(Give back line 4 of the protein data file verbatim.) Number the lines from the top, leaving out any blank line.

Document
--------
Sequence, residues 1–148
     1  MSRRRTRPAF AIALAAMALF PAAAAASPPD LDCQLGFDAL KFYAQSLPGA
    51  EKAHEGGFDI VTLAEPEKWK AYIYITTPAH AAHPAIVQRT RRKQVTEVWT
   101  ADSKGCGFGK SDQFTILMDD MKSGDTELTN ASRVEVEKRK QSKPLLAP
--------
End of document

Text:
   101  ADSKGCGFGK SDQFTILMDD MKSGDTELTN ASRVEVEKRK QSKPLLAP